• Business and product systems – the systems that relate to the truly vast numbers of businesses and products that have been produced – the railway systems, the systems of all the airlines, the systems of banking and finance, the systems of the use of the roads [enshrined in the Highway code], the systems of cars, bicycles, computers, lawn mowers, cameras, videos, music machines – how they work, what they do.
  • ‘Family’ systems – the specific norms and customs unique to each family which a child learns on growing up.  The means by which families live in harmony and peace with each other [or not as the case may be].  For example, don’t wake father up whilst he’s sleeping, Aunty Margaret gets first choice of biscuit [because Aunty Margaret has mentioned you in her will], Mummy is allowed to shout when she’s angry, don’t kick the door open use the door handle.
Ogden Nash – The Parent

 
Children are not happy with nothing to ignore
And that is what parents were created for

There are the systems of communication – speech and writing – which are of course hugely important.  We also have political systems – communism, fascism, liberalism, socialism, conservatism, as well as ‘economic’ systems.  Plus others, I won’t list any more.

We learn all this lot from our parents, schools, religious institutions, friends, family, books, experience, pamphlets, papers and newspapers, TV and radio and so on.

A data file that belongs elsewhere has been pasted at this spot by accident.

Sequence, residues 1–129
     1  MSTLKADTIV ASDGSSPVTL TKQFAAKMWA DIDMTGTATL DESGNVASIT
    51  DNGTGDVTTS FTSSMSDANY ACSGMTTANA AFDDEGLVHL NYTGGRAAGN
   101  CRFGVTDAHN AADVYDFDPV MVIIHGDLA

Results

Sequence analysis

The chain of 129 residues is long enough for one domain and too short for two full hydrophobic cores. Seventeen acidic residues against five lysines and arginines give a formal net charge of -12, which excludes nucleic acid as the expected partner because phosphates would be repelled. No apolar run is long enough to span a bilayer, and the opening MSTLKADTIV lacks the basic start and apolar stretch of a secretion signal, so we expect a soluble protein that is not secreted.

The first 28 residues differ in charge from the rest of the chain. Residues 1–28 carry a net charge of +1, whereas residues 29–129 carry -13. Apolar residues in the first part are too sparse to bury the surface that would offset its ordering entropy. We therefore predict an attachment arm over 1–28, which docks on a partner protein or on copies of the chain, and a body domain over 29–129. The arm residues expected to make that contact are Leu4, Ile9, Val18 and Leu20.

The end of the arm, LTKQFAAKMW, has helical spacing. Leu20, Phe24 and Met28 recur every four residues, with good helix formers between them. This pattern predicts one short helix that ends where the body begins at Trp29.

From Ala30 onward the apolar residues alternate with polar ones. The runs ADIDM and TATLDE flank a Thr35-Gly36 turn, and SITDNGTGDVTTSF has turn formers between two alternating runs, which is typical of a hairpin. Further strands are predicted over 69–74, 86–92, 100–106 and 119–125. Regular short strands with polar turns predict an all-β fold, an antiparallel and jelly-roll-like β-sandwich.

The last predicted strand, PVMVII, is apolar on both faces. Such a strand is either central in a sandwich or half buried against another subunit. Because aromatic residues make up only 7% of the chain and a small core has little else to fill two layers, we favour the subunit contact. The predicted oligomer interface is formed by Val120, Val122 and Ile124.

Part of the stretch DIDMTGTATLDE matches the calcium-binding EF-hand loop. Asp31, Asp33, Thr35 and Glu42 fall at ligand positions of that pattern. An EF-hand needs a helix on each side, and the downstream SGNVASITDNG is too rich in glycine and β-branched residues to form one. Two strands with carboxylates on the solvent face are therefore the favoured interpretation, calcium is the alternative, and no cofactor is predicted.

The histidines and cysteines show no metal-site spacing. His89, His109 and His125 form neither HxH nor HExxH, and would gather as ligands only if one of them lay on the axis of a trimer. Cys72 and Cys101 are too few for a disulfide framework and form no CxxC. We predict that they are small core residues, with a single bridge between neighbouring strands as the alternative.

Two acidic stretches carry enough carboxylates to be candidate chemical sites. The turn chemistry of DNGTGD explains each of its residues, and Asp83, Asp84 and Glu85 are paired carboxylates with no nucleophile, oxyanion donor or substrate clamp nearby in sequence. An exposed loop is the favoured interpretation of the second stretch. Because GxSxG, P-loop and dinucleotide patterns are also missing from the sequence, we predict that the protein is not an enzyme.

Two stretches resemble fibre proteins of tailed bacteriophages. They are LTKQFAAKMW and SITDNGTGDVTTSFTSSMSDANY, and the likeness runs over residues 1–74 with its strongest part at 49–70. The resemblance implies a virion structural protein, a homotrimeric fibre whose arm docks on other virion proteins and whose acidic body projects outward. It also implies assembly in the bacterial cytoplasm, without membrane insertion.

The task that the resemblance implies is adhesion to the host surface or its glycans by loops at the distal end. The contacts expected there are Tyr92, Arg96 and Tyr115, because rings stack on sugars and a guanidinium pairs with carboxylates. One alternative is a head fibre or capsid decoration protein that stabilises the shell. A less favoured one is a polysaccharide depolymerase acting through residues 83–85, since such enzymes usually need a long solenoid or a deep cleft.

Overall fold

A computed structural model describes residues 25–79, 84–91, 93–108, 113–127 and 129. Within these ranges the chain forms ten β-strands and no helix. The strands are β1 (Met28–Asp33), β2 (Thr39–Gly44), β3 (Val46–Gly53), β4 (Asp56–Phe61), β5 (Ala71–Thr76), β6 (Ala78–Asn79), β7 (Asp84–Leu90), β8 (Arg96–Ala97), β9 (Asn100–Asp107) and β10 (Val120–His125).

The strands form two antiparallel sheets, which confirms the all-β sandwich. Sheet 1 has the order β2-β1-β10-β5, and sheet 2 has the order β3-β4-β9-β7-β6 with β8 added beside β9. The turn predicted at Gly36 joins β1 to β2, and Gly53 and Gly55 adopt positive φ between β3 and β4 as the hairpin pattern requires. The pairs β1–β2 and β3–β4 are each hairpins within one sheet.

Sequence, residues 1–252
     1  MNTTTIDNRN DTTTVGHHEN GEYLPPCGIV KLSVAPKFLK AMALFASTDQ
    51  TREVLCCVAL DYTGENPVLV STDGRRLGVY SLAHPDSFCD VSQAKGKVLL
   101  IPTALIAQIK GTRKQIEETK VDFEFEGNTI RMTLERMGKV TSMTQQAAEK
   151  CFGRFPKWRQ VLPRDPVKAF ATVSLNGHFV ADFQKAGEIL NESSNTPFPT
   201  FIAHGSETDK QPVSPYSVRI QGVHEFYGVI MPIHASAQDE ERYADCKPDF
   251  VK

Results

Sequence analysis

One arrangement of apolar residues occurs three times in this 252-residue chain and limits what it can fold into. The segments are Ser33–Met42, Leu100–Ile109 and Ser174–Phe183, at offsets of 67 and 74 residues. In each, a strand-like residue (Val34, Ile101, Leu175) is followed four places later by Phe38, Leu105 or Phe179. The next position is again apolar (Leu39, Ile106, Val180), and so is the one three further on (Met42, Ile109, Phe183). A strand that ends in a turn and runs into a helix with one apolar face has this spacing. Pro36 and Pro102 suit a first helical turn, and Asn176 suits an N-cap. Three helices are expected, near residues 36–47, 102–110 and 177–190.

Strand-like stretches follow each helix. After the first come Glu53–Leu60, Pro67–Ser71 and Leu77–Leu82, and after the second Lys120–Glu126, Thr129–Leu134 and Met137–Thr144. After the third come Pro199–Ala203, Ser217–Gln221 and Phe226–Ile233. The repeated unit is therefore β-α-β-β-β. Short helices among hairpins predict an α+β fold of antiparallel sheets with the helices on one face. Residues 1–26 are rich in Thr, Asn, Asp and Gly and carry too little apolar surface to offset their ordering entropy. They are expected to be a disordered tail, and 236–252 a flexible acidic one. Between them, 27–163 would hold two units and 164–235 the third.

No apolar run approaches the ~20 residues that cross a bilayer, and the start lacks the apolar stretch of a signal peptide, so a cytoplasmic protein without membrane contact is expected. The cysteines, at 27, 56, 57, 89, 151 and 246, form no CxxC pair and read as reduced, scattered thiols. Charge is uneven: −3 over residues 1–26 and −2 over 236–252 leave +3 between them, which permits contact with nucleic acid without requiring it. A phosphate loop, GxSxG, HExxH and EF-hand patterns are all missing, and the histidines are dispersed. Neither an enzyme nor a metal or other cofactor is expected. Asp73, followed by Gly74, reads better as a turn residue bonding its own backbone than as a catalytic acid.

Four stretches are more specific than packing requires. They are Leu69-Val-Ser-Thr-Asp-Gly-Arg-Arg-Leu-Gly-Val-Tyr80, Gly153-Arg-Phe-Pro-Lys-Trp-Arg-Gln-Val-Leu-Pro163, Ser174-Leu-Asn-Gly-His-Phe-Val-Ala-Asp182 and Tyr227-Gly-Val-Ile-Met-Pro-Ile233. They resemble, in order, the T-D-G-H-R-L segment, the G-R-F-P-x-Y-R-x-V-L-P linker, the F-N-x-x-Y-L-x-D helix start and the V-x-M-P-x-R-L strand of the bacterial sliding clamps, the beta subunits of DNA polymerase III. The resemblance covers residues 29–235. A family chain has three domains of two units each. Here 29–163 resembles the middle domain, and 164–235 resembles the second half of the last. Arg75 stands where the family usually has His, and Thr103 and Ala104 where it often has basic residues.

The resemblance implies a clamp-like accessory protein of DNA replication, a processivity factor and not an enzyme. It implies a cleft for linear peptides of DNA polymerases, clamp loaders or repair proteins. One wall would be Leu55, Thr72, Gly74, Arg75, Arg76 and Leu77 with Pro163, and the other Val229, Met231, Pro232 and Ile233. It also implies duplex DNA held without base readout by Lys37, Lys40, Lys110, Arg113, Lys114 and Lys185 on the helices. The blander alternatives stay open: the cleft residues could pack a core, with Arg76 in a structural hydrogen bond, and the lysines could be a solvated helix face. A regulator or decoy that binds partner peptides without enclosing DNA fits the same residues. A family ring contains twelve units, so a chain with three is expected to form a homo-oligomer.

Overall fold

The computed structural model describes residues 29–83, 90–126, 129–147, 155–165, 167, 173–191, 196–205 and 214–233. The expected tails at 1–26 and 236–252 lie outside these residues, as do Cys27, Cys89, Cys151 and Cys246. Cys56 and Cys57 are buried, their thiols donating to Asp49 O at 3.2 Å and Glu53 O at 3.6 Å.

So do you really think you ‘know’ all this?

As can be imagined, each of us knows only a fraction of all there is to know – truly a tiny fraction – enough to be able to function.  We would never be able to hold in our memories the details of every system of every thing – there are potentially millions or trillions of things, so as a subset of reality our knowledge base is tiny.

Furthermore, of the systems we do know about, our knowledge can only be a partial view, what we have been told or learnt by observation.  Under normal circumstances we never experience what it is to ‘be’ another thing.  In addition, our view of other systems is limited by what the sensory ‘software’ does with the inputs.  It may even be an ‘incorrect’ view because the observations we have made are too few to draw the right conclusions.

What systems we get to know about – what we learn about is dependent on:

  • Our personality -  Each personality learns different things
  • Our objectives in life– what do we want to do in life – our objectives